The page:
ii. carboxylic acids and ... nomenclature carboxylic acid simple carboxylic acids are named as...

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  • II. CARBOXYLIC ACIDS AND DERIVATIVES

    One of the more complex oxygenated alkane is the carboxylated alkane. Carboxylated alkanes

    have a double bond O (= O) and have an OH on the primary carbon (1 0 C) of the parent

    chain.These two groups are on the 1 0 C because carboxylic acids are oxidized aldehydes. Carbon

    backbone filled with hydrogen. Primary carbon has a substituted carboxylate group. Carboxylate

    group is a double bond O (= O) and a hydroxyl group (OH).

    Nomenclature carboxylic acid

    Simple carboxylic acids are named as derivatives of the parent alkane, using the suffix -oic acid

    1. Select the longest continuous carbon chain, containing the carboxylic acid group, and

    derive the parent name by replacing the -e ending with -oic acid.

    2. Number the carbon chain, beginning at the end nearest to the carboxylic acid group.

    3. Number the substituents and write the name, listing substituents alphabetically.

    4. Carboxylic acid substituents attached to rings are named using the suffix -carboxylic

    acid.

    Several simple examples are shown below:

  • Reactions which Yield Carboxylic Acids

    Oxidation of Aromatic Side-Chains with Neutral Permaganate

    Warm, neutral permaganate anion will oxidize aromatic side-chains which contain at least one

    benzylic hydrogen to the corresponding carboxylic acid.

    Primary alcohols can be oxidized smoothly to the corresponding carboxylic acid with either

    CrO3/H2SO4 or sodium dichromate.

    Acidic MnO4- will oxidize an alkene bearing at least one alkyl or aryl substituent to the

    corresponding carboxylic acid. Terminal alkenes are converted to CO2 under these conditions.

  • Aldehydes are smoothly oxidized to the corresponding carboxylic acid with either CrO3/H2SO4 or

    sodium dichromate.

    Aldehydes (but not ketones) are oxidized by Ag2O in aqueous ammonia to give the carboxylic

    acid and metallic silver. This is used as a qualitative test for aldehydes since the silver metal is

    deposited in a thin film, forming a "silver mirror" (the Tollens test).

    Acidic MnO4- will oxidize a ketone to the corresponding carboxylic acid, in this case, splitting

    the ring. The reaction is slower than the oxidation of alkenes, allowing disubstituted alkene

    carbons to be oxidized to the ketone, without significant over-oxidation.

    Nitriles can be hydrolyzed to the corresponding carboxylic acids. Typically, vigorous conditions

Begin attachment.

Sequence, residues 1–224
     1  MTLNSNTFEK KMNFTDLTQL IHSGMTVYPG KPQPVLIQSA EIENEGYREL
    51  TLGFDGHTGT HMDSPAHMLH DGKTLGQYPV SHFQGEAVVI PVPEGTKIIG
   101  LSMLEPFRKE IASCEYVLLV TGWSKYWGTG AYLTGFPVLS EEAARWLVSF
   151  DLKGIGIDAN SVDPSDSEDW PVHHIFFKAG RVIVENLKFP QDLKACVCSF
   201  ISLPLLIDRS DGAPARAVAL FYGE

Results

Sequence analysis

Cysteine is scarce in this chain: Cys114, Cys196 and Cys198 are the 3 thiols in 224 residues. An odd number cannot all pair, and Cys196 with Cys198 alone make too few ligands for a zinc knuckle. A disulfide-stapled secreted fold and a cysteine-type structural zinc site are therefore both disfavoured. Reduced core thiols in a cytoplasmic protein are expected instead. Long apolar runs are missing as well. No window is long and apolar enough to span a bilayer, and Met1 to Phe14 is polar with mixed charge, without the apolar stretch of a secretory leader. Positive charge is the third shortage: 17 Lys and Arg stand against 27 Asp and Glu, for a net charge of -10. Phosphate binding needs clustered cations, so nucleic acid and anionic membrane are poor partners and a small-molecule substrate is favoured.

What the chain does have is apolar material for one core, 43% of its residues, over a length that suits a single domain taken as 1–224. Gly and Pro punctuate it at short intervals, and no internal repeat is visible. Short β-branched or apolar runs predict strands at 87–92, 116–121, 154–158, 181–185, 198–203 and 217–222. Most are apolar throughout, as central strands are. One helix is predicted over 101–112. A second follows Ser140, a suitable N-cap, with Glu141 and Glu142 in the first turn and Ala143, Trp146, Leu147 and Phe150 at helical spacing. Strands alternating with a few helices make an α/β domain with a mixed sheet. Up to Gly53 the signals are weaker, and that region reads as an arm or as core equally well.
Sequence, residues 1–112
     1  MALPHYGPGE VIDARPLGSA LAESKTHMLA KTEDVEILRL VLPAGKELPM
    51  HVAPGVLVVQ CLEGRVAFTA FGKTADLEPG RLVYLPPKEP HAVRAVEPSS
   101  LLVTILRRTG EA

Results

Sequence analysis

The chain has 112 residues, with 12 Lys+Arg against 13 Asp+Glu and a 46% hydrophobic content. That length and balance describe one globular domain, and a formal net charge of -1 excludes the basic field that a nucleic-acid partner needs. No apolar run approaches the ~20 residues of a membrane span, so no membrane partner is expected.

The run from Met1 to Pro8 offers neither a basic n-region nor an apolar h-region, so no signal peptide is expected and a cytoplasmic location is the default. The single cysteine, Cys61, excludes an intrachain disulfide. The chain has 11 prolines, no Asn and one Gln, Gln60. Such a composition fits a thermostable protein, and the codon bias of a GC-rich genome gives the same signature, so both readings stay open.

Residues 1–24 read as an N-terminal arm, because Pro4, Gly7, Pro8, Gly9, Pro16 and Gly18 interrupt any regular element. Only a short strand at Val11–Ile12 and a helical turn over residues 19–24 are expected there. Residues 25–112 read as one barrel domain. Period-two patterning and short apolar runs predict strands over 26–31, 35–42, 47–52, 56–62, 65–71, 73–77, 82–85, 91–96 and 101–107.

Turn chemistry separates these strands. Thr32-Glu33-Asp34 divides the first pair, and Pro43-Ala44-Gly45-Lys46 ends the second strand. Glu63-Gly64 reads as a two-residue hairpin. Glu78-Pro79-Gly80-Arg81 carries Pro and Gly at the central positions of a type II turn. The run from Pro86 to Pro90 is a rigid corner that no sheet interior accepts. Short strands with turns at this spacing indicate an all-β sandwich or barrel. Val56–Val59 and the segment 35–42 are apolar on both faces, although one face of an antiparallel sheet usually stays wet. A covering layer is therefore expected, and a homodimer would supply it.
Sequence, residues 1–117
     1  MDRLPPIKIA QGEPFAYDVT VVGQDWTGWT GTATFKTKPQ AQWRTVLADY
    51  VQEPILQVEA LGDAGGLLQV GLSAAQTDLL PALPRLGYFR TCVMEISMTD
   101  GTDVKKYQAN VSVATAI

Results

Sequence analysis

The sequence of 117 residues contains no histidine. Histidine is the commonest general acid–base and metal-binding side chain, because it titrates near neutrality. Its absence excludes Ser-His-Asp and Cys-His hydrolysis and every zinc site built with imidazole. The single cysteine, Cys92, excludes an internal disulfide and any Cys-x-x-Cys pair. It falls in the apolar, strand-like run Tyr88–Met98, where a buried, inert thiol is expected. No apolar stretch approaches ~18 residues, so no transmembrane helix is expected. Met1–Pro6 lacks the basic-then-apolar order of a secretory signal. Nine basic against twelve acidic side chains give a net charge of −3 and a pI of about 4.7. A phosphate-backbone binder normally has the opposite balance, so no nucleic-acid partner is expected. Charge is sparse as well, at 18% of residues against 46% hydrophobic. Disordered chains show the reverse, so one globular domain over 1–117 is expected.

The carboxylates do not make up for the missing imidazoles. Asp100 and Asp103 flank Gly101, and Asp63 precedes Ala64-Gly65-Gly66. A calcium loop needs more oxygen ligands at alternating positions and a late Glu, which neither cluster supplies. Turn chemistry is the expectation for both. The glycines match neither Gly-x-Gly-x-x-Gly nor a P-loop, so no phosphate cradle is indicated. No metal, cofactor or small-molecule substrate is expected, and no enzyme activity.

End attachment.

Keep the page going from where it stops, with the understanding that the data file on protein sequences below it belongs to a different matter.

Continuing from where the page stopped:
are required (heat and concentrated acid).

  • Grignard reagents react with CO2 to yield carboxylic acids. This is an important method for the

    preparation of carboxylic acids and yields are generally good.

    Reactions of Carboxylic Acids

    Carboxylic acids can be reduced to primary alcohols with LiAlH4 or with BH3 followed by work-

    up with aqueous acid. In the reduction with LiAlH4, an intermediate aldehyde is formed, which is

    rapidly reduced to give the primary alcohol.

    Carboxylic acids can be converted into acid halides by reaction with SOCl2, phosgene, or PBr3.

  • Carboxylic acids can be converted into esters by reaction with the corresponding alcohol in the

    presence of an acid catalyst (Fischer esterification), by alkylation of the carboxylate anion with

    an alkyl halide in an SN2 reaction, or by reaction with diazomethane (methyl esters only).

    Carboxylic Acid Derivatives

    Carboxylic acid derivatives can be converted to the carboxylic acid by acidic or basic

    hydrolysis. Some carboxylic acid derivatives are given below :

  • Acyl Halides

    More reactive than acids; the halogen withdraws e- density from carbonyl.

    Named by replacing -ic acid with -yl halide.

    Simple acid halides are named by identifying the acyl group, using the suffix -oyl followed

    by the halogen.

    1. Select the longest continuous carbon chain, containing the acyl group, and derive the

    parent name by replacing the -e ending with -oyl, then append the halogen.

    2. Number the carbon chain, beginning at the end nearest to the acyl group.

    3. Number the substituents and write the name, listing substituents alphabetically.

    4. Acid halide substituents attached to rings are named using the suffix -carbonyl.

    Several simple examples are shown below:

    Acid halides are the most reactive acyl derivatives, and can be readily converted into carboxylic